Cars stolen in the UK found in Uganda

Cars stolen in the UK found in Uganda

A total of 24 vehicles worth £700,000, including Range Rovers, Audis and BMWs, have been discovered in Kampala following a joint investigation by the National Vehicle Crime Intelligence Service (NaVCIS) with the National Crime Agency (NCA).

Chief inspector Gordon Roberts, head of the NaVCIS, said the vehicles had been stolen from the UK by organised crime groups.

‘We are very grateful for the opportunity to once again work with our Ugandan police colleagues in co-operation with the NCA,’ he said.

‘It’s clearly not just Uganda which is being exploited in this way and we are determined to continue our work throughout those countries which are targeted by the thieves in order to tackle the issue, reducing the misery of organised vehicle crime.’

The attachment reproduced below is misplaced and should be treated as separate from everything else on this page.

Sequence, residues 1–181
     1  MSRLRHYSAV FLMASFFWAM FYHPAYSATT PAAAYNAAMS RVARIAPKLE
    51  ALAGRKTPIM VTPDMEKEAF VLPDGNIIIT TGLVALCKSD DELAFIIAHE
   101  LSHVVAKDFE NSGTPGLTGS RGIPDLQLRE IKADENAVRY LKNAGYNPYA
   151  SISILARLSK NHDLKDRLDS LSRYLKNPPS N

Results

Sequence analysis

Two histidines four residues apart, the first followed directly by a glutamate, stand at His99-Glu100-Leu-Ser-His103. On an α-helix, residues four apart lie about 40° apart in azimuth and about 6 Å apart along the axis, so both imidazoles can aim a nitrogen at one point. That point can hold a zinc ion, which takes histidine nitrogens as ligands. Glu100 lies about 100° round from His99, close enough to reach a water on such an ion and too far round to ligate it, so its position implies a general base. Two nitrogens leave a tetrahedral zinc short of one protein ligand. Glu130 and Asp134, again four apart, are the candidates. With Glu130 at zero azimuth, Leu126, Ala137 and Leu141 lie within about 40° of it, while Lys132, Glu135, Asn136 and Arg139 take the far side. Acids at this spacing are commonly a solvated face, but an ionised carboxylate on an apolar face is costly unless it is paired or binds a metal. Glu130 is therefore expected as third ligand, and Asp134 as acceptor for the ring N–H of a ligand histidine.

Thousands of keyless cars are being stolen in Britain each year by international gangs who reprogramme blank keys and simply drive off.

Police, manufacturers and insurance companies face an uphill battle against the criminals, but had a lucky break in this instance with a stolen Lexus.

The owner of the Japanese SUV had fitted it with a tracker and investigators traced it to Le Havre, in France, where it was shipped across the Med, through the Suez canal to Oman.

It was then shipped to Mombasa in Kenya before being transported by road to Kampala – where they drive on the right-hand side – in a steel container.

When they eventually reached the Lexus in Uganda, it was parked up with 23 other cars which had also been stolen from the UK.

The operation, which worked alongside Interpol, the Uganda Revenue Authority (URA) as well as the Foreign and Commonwealth Office, will now return the vehicles to their rightful owners.

Several are now owned by insurance companies which have paid out claims to the original owners.

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